Letter on the Buenos Aires Declaration Anniversary

The Gender and Trade Coalition letter in response to the ‘Trade and Gender Conference on closing the gender gaps’ to mark ‘the Buenos Aires Declaration on Women and Trade at Year One’, organised by the World Bank Group, The World Trade Organisation and the Ministry of Foreign Affairs of the Government of the Netherlands.

To the meeting organisers,

We, the Gender and Trade Coalition, comprised of nearly 200 feminist organisations, networks, and their allies from civil society around the world, are writing to express our disappointment and dismay once again, at the failure of the World Bank Group, the WTO, and the Government of the Netherlands to meaningfully include broader civil society or women’s rights groups at the conference on 6-7 December 2018 in Geneva marking one year of the Buenos Aires Declaration on Trade and Women’s Economic Empowerment, issued at the 2017 WTO Ministerial.

Although the meeting is open to civil society, which we welcome, and civil society is identified as one of the key target audiences, extremely limited space has been made available for CSO representatives to speak as part of the many panels organised. Geneva itself remains a space that is neither accessible nor affordable for many women’s rights activists and organizations from the global South.

Moreover, since the issuance of the Buenos Aires Declaration, there has been a series of WTO-organised events which have also failed to ensure the meaningful participation of women’s rights organisations and civil society. Here it is key to remember that current trade policy impacts not just the women entrepreneurs on whom there seems to be overwhelming emphasis, but women as farmers, workers, patients, caregivers, environmental defenders, and so on. We do not see any attempt to understand the varied and complex impacts they face, most often unknowingly, from the current trade regime or to include them in these discussions.

The voices of women from the global South who already have been, and stand to be, the most adversely affected by current trade policies are essential to ensuring trade does not exacerbate existing inequalities based on gender as well as race, caste, age, disability and other systems of oppression, but rather contributes towards the fulfilment of women’s human rights and the safeguarding of our global environment for this and future generations. Unfortunately, their rich and varied forms of knowledge and expertise continue to be discounted and marginalised in trade policy-making, along with the democratic right of women to be part of the process.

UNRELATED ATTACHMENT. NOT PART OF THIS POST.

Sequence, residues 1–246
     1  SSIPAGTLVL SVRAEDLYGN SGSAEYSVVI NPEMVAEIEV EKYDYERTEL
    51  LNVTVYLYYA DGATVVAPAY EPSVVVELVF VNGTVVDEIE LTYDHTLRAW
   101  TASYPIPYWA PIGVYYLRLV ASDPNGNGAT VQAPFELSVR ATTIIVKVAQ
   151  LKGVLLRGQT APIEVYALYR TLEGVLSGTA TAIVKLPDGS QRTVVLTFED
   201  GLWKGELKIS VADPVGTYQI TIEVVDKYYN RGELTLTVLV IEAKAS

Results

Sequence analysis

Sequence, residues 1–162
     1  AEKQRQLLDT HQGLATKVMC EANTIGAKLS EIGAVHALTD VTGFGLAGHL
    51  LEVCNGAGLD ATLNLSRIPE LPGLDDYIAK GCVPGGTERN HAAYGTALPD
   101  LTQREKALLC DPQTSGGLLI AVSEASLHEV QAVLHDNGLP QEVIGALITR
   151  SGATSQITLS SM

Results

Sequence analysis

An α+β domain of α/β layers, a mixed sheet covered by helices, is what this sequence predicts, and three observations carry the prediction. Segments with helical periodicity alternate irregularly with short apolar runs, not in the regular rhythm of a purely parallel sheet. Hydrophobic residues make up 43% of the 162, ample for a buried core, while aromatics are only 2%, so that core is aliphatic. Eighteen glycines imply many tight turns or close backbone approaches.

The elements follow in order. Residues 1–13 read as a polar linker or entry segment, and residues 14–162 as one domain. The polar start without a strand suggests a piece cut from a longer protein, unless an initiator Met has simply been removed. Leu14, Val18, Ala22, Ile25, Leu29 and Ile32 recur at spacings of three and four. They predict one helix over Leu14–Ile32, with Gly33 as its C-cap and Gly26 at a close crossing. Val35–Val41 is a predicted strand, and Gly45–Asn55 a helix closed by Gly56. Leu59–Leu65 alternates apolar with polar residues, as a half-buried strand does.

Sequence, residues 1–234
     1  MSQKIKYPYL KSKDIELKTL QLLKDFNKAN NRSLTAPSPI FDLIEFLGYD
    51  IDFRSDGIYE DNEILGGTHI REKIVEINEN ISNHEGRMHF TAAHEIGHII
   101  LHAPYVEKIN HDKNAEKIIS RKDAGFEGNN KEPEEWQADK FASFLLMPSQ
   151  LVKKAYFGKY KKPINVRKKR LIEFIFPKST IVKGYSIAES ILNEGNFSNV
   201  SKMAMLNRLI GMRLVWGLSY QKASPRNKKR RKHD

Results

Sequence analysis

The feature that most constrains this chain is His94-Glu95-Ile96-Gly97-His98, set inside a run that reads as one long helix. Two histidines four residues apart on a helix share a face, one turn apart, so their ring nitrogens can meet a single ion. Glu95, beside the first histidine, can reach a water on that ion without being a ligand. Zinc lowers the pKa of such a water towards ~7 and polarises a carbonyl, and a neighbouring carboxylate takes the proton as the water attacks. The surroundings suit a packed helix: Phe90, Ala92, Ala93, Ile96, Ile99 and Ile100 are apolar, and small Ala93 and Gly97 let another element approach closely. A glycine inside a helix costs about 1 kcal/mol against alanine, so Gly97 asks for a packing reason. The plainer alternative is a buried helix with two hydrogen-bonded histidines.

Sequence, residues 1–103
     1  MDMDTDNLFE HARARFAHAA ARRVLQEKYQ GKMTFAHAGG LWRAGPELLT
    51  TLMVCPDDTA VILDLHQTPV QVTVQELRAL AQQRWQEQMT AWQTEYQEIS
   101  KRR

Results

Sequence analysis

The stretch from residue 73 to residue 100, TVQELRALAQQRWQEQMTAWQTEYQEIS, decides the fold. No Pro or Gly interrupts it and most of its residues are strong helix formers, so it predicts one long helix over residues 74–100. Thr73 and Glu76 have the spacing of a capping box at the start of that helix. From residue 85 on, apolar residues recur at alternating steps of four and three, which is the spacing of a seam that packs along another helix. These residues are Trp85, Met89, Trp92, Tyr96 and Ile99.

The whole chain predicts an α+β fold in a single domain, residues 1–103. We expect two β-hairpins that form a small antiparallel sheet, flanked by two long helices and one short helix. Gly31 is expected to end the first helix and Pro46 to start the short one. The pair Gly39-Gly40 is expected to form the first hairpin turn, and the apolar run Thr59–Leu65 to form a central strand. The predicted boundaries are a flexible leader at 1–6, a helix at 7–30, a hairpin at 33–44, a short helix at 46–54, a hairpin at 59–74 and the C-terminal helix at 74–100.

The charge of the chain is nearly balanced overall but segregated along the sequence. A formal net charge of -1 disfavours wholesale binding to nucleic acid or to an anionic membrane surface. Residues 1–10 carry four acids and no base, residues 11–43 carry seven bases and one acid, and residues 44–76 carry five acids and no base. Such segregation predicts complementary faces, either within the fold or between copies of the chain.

This is particularly disappointing given the statement signed by more than 200 feminist organisations and their allies from around the world urging WTO member states to reject the Buenos Aires Declaration because of serious shortcomings in its approach. While expressing appreciation for the increased attention to the gendered impacts of trade, the letter highlighted that the Declaration fails to acknowledge the current adverse impacts of WTO rules on the rights of women and girls, and instead attempts to mask the failures of the response to these impacts and the role of current trade policies in deepening inequality and exploitation.

The ongoing exclusion of WROs and wider CSOs in WTO and other multilateral processes highlights the persistent and sizeable democratic deficits in trade policy-making at national, regional and global level. It starkly undermines the commitments of many governments to take a ‘gender-responsive approach’ to trade. It reinforces the concerns that ‘women in trade’ is simply being used as a vehicle to push newer forms of liberalisation without an honest retrospection of the current policies, or as a means to instrumentalise women to increase economic growth and corporate profits rather than meet binding human rights commitments.

The Gender and Trade Coalition was initiated by feminist and progressive activists to put forward feminist trade analysis and advocate for equitable trade policy. We stand in opposition to the co-optation of ‘women's economic empowerment’ as a means to expand an unjust trade system which prioritises market access for multinational companies over the sustainable, equitable, accountable and democratic development of countries in the global South and the rights of women, workers, and other marginalized communities worldwide.